Lincoln Renominated; Ceasefire to Retrieve Dead from Battlefield

June 6, 1864/2014
Volume 5, Issue 23 (191 Issues Since 15 October 2010)

Lincoln’s Renomination in Doubt

June 8, 1864. “In the early months of 1864, Lincoln’s renomination was seriously in doubt. For one thing, tradition argued against it. No president since Andrew Jackson [President, 1829-37] had sought, much less won, reelection. Worse, the Republican Party seemed for a time hopelessly split. The radical wing hoped to cajole its unsuccessful 1856 contender, former general John C. Fremont, into the race, while another potential challenger loomed inside Lincoln’s cabinet: the ambitious Secretary of the Treasury, Salmon P. Chase.”

Lincoln Renominated, Change in Running Mate Would Prove a Tragic Mistake

“Lincoln eventually outflanked them both, winning renomination on June 8 by acclamation when the Republicans, briefly renamed the National Union party, convened at Baltimore in early June. One of the great unsolved mysteries surrounding the convention remains the replacement of Vice President Hannibal Hamlin with a longtime Democrat, [former Senator and] the military Governor of Tennessee, Andrew Johnson. No one has ever proven whether Lincoln knew, accepted, or even engineered the change in the ticket. If he participated in the dump Hamlin effort, however, it certainly ranks as a tragic mistake. Johnson later succeeded Lincoln, and proved to be a disastrous chief executive.”


Lincoln in the Times, The Life of Abraham Lincoln As Originally Reported in The New York Times, David Herbert Donald and Harold Holzer, eds., pages 207-208.

Two-Hour Ceasefire to Retrieve the Dead from the Battlefield

June 7, 1864. Daniel Chisholm, of the 116th Pennsylvania Regiment, recorded his experience at Cold Harbor in his diary:

“At 2 O’clock this morning they made a long determined charge, but the boys never wavered. We could hear the Reb officers shouting forward, forward. On they came but it was only to be mowed down by the Thousand. We never thought of getting drove out, I rather enjoyed it and I believe the rest of the boys did also. At daylight this morning all was quiet. The enemy advanced a white Flag, asking permission to bury their dead, which was granted. We had an armistice of two hours. The quietness was really oppressive. It positively made us feel lonesome, after a continual racket day and night for so long. We sit on the works and let our legs dangle over on the front and watch Johnnies carry off their dead comrades in silence, but in a great hurry. Some of them lay dead within twenty feet of our works — the live Rebel looks bad enough in his old torn, ragged Butternut suit, but a dead Rebel looks horrible all swelled up and black in the face. After they were through there was nothing left but stains of Blood, broken and twisted guns, old hats, canteens, every one of them reminders of the death and carnage that reigned a few short hours before. When the 2 hours was up we got back in our holes and they did the same. A large gun at the fort gave one shot and both sides passed a few but no damage was done. Things quieted down except the continual crack of the Sharpshooters rifles. They are busy from daylight until dark, they hide in trees, behind stumps, along banks, or where ever they can protect themselves and see their enemies.”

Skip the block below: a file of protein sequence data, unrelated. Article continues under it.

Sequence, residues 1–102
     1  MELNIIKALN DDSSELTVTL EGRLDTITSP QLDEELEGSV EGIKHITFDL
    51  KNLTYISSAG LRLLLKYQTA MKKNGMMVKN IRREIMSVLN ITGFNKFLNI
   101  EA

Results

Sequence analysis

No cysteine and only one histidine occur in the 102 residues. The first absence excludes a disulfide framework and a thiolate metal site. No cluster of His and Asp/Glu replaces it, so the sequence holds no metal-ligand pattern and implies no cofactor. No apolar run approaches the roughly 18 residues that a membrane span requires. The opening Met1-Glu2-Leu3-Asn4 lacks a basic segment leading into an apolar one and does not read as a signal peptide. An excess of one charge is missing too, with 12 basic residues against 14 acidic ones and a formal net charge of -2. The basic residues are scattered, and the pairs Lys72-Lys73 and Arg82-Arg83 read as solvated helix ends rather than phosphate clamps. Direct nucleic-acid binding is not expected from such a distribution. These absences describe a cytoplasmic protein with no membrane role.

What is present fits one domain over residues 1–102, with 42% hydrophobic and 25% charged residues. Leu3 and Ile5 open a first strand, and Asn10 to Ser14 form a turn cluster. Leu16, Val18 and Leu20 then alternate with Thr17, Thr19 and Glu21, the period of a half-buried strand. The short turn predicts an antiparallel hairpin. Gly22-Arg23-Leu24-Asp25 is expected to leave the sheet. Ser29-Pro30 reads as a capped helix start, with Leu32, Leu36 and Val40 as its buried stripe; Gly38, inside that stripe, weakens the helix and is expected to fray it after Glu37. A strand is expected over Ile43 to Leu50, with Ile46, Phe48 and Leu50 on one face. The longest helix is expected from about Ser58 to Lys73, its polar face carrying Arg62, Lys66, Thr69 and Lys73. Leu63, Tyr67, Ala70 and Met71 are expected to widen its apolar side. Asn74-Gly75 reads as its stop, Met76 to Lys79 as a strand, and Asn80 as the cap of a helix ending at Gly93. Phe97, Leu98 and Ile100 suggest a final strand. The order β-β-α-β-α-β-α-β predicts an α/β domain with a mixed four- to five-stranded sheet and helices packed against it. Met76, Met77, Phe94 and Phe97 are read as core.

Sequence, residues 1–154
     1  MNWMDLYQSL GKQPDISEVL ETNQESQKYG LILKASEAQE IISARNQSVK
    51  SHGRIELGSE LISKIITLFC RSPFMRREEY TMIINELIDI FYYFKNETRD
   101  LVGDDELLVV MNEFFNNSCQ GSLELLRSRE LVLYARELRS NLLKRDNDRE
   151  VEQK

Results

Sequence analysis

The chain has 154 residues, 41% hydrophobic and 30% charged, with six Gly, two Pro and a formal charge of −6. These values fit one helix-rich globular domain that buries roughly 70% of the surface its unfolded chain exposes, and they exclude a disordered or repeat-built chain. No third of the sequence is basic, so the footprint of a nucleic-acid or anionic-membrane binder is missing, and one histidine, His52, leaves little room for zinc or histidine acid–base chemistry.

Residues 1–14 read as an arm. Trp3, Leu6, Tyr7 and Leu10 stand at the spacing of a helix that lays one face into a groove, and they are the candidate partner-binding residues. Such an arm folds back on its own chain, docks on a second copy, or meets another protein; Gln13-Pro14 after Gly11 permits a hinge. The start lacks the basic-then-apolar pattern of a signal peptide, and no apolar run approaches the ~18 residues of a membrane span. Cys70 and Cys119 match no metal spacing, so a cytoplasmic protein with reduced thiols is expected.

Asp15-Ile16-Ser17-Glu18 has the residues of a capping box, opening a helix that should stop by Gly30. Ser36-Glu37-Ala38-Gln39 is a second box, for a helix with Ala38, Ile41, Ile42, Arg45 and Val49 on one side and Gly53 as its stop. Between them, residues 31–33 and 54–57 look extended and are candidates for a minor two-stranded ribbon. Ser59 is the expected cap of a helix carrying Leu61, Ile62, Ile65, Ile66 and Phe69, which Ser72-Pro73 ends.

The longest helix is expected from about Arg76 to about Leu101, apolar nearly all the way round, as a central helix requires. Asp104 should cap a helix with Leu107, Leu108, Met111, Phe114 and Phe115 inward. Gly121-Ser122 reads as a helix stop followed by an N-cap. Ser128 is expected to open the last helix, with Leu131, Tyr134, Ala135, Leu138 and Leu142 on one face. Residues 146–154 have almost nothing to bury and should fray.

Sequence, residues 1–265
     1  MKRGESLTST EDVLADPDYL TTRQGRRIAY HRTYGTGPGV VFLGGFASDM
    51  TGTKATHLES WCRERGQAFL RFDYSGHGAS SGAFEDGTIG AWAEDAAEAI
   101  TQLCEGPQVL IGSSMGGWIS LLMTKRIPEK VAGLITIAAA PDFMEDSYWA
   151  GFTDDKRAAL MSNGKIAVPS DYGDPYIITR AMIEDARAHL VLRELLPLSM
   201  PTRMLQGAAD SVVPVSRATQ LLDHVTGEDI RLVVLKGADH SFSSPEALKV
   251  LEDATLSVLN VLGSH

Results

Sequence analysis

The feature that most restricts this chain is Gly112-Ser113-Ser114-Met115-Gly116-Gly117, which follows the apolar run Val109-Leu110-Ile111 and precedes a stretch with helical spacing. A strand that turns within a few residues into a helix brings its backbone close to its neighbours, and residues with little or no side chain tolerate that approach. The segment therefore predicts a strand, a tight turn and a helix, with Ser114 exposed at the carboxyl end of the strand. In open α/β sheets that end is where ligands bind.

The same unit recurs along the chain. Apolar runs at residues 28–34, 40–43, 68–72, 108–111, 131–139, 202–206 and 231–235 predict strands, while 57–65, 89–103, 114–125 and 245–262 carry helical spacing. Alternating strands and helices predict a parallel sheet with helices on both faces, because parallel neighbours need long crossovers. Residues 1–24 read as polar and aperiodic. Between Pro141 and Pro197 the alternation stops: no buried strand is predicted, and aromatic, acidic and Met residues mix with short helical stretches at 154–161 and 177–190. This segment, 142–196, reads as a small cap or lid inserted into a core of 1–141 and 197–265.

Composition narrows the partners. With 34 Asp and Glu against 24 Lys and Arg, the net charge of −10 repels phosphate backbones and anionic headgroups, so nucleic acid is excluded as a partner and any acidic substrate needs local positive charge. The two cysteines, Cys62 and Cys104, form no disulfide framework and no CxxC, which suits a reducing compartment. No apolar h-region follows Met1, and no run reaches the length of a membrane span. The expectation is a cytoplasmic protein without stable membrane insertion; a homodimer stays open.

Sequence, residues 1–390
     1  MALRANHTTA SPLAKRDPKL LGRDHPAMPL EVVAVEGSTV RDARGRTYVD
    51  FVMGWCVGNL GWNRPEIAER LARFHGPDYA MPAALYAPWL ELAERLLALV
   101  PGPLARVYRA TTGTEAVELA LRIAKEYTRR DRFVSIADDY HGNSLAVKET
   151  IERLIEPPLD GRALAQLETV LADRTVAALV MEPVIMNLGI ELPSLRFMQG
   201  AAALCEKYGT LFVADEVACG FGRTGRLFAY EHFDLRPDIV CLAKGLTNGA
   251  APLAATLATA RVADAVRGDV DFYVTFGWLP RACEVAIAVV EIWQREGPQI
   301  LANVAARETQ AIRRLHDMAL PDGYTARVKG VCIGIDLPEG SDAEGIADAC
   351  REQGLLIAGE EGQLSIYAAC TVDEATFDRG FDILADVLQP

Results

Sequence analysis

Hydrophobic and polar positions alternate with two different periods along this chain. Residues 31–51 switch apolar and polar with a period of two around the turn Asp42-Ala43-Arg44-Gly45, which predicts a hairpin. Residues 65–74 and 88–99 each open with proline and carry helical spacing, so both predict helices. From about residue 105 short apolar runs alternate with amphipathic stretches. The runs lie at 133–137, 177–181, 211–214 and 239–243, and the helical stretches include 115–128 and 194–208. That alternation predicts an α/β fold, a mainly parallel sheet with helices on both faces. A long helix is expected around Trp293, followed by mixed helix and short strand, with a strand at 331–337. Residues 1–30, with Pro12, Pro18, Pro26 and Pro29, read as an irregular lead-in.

Charles Phillips and Alan Axelrod, My Brother’s Face, p. 108.

– Submitted by Vermont Humanities Council Executive Director Peter A. Gilbert

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Filed under Civil War Book of Days: 1864

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